A revolt against dialing while driving

From the front seat of his Suffolk County police cruiser, Bill Treubig spots the offender, a woman in a late-model Lexus SUV. As she starts to enter the Long Island Expressway, the highway patrolman hits his flashing lights.

At first, the woman isn't sure why she's being pulled over. The officer quickly makes it clear: He saw her driving with a phone up to her ear - an offense that will cost her $100.

The citations being given out here along the blacktop in Long Island are part of a growing nationwide revolt against dialing while driving.

From Suffolk County, N.Y., to Brooklyn, Ohio, at least 10 localities have passed laws ordering motorists to "just say no" to phone use in the car. Some 40 states are considering similar restrictions.

Behind the movement is a growing concern about safety as cellphones become as ubiquitous in cars as cup holders. At last count, some 107 million people - more than 1 in 3 Americans - now use the phones just about everywhere: in restaurants, on elevators, at the theater.

While many of these public conversations are annoying enough, it is the danger of serious distractions behind the wheel that is making them a target of activists and lawmakers alike.

"I don't think there is anyone driving today who hasn't been victimized or cut off by a driver who's holding a cellphone to an ear," says state Sen. Carl Marcellino (R), author of a bill introduced earlier this month in the New York Senate.

Although the bills have failed in the past, there is a new momentum, as reflected in public-opinion surveys. For example, a recent poll from Quinnipiac University in Hamden, Conn., found that New Yorkers support a ban on hand-held cellphones by an 87 percent to 10 percent margin. The legislative push on the state level is also getting support from an unlikely source - Verizon, the nation's largest cellular company. It is concerned that the patchwork nature of local laws could be confusing to motorists.

But the Cellular Telecommunications Industry Association (CTIA), the industry's lobbying group in Washington, claims the accident statistics don't bear out the anecdotal evidence of bad driving. Instead, the group is calling for studies, enforcement of current laws against reckless driving, and education.

"Let's collect the data and see if it is something we should be addressing," says Dee Yankoskie, a spokeswoman for the industry.

It's a question that is coming under more scrutiny in Washington, where next month the House Transportation and Infrastructure Committee plans hearings on driver distraction. At the same time, the National Highway Traffic Safety Administration (NHTSA) is doing research on the same thing. That will be supplemented with tests using a new $60 million simulator of driving conditions.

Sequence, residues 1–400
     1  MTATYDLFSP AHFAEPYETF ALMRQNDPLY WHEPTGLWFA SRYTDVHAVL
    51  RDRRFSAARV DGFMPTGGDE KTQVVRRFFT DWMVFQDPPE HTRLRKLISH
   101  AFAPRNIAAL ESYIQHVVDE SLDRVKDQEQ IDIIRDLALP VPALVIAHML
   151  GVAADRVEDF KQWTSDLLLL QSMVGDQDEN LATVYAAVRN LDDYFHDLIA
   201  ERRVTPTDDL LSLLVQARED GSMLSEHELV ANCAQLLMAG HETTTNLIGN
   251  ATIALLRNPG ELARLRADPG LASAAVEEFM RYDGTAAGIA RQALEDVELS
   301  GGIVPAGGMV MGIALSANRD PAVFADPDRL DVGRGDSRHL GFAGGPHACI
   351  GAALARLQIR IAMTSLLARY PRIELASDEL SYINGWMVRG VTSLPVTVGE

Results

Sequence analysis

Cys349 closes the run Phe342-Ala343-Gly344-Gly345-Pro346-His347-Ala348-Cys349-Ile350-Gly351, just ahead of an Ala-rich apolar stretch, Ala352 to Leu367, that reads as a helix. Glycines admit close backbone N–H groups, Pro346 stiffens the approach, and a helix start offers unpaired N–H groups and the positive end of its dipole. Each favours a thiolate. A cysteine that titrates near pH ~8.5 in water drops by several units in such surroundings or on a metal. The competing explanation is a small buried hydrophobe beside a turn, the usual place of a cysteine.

One reason for the push around the country is Patty Pena, head of Advocates for Cell Phone Safety, a Philadelphia-based grass-roots effort. In November 1999, her 2-year-old, Morgan Lee, was killed when Patty's car was broadsided after a driver using a cellphone failed to heed a stop sign.

Since then she has talked to city councils and county and state legislatures. She has appeared on talk shows such as Oprah Winfrey's. Her website hawks bumper stickers from the radio show "Car Talk" that say, "Drive Now, Talk Later."

After Rich Hovan, a policeman from Brooklyn, Ohio, met her on the Oprah show, he started handing out fliers with Morgan Lee's photograph with the tickets he issues for driving while cellphoning.

Brooklyn, a Cleveland suburb, was the first community in the nation to pass driving-and-phoning legislation. Since the law was enacted in September 1999, police have issued 459 tickets. The first offense is a $3 fine; the second requires a court appearance with a fine as high as $100.

The catalyst for the law was a traffic accident that took place directly in front of the former police chief. While the chief watched, a man went through a light and then was broadsided. "The man driving the car was still talking on the phone as he spun around," says Mary-Jo Banish, assistant clerk of the council.

Instead, communities want motorists who need to chat to use hands-free technology, such as headsets. This is also the push from Verizon, which has 28 million customers.

During several hours of cruising Long Island roads, it appears many drivers are wearing headsets. And officer Treubig estimates that even most of those he's ticketed own a headset or a hands-free device but weren't using it. He's not certain why.

Verizon's Mr. Nelson says the company is offering one set at $14.95, below their normal retail price.

Some legislators think the Verizon approach represents a middle ground they can support. That's the case in California, where state Assemblyman Joe Simitian (D) of Palo Alto has introduced Bill 911, which would require all California drivers to use hands-free devices by Jan. 1, 2005.

Mr. Simitian's proposal may seem strange for California, where it seems almost everybody has a cellphone pressed to their ear. And Simitian admits he has had people ask him why not ban drinking coffee or putting on makeup while driving. "I reply to them that drinking coffee is a brief activity, while using a cellphone is an extended activity."

He expects the bill to go to committee this month. If it meets with smooth sailing, he says it could be law as early as this fall.

In communities where the law has been enacted, most motorists seem to have gotten the message. Over the course of 2-1/2 hours, officer Treubig only pulls over two offenders. "If they are getting wiser, then mission accomplished," he says.

(c) Copyright 2001. The Christian Science Monitor

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